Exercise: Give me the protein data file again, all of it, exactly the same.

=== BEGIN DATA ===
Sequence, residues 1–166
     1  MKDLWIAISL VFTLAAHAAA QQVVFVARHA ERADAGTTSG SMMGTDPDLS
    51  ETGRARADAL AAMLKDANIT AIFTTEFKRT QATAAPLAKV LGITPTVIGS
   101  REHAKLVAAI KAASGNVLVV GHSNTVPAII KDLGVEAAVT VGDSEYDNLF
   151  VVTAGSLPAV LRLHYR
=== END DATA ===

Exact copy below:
Sequence, residues 1–166
     1  MKDLWIAISL VFTLAAHAAA QQVVFVARHA ERADAGTTSG SMMGTDPDLS
    51  ETGRARADAL AAMLKDANIT AIFTTEFKRT QATAAPLAKV LGITPTVIGS
   101  REHAKLVAAI KAASGNVLVV GHSNTVPAII KDLGVEAAVT VGDSEYDNLF
   151  VVTAGSLPAV LRLHYR